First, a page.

When your doctor writes you a prescription, you get it filled, take the medicine and hope to feel better, right? Well, a surprising new survey dropped a big bomb recently: Half of all American doctors regularly prescribe placebo medications to patients. That's right--fake pills. More on the brouhaha after the jump ...
According to this recent New York Times article, which highlights a study of 679 randomly selected physicians, doctors are, well, kind of placebo-happy. Half of American doctors, the researchers report, routinely prescribe placebos to patients. The most common? Placebos for "headache pills," vitamins--even sedatives and antibiotics.
The study says that doctors described the placebo medication to patients like this: "a medicine not typically used for your condition but might benefit you." And, just 5 percent let on that the treatment was actually a placebo and not the real thing. The research was published in the BMJ, formerly the British Medical Journal.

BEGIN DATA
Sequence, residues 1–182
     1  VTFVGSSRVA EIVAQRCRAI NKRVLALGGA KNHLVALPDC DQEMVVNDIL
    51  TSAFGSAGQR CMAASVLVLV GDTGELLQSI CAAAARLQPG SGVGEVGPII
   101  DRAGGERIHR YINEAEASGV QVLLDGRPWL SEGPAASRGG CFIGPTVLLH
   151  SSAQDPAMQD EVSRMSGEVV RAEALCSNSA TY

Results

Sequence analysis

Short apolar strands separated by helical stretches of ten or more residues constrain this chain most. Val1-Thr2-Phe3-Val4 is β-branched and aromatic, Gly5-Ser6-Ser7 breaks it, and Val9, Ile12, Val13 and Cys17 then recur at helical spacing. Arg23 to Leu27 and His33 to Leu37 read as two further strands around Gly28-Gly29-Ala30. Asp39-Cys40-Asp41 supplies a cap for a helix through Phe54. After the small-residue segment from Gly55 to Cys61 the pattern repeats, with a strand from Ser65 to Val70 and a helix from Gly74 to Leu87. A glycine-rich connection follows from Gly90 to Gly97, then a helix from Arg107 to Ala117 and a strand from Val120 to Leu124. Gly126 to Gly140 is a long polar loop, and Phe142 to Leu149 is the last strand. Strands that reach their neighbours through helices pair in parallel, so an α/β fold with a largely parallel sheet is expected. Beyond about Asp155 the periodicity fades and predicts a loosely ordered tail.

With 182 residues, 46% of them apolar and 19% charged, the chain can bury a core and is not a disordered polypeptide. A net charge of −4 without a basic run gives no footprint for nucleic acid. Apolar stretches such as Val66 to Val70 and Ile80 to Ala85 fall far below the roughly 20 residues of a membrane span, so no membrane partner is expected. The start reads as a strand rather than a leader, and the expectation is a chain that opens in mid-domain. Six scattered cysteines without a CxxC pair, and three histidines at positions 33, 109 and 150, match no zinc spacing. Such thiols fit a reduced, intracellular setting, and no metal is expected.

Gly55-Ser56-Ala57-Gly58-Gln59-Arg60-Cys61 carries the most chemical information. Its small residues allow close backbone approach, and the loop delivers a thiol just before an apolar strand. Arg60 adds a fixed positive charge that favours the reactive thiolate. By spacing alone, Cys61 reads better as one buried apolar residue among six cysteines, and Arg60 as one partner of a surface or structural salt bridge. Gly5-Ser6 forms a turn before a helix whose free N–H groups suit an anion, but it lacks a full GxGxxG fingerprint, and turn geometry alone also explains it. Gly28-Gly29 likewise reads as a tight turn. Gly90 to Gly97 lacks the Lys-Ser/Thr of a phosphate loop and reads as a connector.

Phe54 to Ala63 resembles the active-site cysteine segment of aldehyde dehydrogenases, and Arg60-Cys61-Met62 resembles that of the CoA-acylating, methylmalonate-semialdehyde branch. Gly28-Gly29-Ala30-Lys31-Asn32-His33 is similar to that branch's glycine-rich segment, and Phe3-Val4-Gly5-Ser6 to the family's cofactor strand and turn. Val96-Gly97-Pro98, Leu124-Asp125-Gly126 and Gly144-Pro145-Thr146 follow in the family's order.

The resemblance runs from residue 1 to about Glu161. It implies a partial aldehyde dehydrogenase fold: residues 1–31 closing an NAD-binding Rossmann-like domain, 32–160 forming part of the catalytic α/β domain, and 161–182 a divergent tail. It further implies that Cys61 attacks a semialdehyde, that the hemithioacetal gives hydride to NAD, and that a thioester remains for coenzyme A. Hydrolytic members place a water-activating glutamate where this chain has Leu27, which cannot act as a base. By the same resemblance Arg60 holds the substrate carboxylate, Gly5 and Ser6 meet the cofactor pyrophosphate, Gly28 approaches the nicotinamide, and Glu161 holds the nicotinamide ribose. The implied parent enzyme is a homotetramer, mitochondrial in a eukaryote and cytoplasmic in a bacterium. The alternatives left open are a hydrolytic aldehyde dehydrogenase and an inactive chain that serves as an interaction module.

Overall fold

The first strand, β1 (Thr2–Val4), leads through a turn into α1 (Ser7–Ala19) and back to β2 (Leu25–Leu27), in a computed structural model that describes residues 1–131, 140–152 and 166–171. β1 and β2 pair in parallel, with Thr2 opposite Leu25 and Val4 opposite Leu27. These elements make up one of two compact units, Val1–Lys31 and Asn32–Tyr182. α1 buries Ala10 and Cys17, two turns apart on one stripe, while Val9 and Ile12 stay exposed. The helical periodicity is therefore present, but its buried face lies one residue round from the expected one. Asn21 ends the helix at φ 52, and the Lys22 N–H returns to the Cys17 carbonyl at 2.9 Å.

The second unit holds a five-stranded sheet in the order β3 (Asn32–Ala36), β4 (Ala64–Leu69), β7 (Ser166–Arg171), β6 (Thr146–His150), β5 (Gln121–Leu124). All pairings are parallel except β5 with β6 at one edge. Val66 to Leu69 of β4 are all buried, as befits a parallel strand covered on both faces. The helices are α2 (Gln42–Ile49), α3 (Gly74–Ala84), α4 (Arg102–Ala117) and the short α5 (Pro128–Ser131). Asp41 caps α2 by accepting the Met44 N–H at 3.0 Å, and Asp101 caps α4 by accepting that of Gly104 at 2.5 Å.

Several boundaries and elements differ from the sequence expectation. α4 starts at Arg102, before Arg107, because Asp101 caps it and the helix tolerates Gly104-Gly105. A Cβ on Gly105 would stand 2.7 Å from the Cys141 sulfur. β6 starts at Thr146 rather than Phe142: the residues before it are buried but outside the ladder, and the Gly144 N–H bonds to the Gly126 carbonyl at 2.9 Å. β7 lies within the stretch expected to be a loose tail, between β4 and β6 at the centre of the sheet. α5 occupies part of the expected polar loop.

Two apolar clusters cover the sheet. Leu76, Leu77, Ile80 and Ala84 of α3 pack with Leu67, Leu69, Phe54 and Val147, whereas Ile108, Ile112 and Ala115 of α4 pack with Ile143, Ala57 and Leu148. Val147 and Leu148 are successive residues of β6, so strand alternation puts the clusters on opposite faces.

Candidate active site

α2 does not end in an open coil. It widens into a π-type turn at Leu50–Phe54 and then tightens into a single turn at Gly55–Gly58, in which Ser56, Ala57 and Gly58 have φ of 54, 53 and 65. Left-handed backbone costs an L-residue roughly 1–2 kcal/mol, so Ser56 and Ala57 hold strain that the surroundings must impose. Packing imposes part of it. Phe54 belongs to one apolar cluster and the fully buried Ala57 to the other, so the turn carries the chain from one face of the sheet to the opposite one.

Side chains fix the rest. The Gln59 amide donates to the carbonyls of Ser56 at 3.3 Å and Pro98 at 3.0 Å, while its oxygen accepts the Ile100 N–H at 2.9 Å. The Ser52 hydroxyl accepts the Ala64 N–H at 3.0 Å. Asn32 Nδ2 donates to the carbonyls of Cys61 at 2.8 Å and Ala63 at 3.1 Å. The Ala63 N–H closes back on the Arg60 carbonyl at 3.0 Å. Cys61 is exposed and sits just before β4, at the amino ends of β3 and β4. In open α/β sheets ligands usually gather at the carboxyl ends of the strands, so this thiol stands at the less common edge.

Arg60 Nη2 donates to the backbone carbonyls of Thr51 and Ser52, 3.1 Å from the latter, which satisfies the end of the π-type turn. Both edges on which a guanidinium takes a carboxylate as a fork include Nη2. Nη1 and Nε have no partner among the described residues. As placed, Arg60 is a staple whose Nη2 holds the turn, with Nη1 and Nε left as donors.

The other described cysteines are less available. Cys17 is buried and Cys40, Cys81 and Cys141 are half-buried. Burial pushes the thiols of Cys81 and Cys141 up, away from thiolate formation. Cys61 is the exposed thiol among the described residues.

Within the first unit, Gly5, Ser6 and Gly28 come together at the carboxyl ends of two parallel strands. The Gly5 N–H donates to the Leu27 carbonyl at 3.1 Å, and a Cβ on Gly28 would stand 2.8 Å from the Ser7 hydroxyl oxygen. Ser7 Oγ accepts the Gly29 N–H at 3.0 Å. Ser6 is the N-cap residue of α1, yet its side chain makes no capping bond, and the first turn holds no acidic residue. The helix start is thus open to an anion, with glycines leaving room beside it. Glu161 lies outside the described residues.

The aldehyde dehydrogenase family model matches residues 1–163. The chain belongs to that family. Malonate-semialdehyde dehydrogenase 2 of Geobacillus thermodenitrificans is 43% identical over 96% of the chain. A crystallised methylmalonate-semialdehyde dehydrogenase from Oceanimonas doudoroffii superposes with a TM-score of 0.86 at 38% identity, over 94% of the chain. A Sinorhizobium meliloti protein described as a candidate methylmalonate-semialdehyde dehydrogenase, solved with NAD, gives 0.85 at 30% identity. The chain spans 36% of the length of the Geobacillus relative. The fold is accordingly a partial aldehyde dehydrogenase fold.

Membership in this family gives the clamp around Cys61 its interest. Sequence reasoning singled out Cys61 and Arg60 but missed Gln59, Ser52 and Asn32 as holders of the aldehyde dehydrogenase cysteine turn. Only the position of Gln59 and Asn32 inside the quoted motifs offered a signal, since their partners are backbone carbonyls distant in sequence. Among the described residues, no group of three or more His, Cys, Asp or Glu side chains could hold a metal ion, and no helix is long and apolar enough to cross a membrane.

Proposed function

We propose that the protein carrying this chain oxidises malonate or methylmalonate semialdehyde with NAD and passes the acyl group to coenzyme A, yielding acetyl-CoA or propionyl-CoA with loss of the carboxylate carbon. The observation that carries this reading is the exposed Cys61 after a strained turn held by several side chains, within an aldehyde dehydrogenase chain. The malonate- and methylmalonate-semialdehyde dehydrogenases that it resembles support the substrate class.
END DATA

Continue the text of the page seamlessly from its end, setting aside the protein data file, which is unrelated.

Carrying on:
Some believe placebos are actually a healthy way to help patients get well. Others go so far as to call placebos "patient deception." While I can definitely see the benefit of placebo medication in some (rare) cases, it's troubling that 50 percent of US docs are so quick to mislead their patients--even when they believe it's in their best interests.
What do you think? Are placebo prescriptions alright with you or not?
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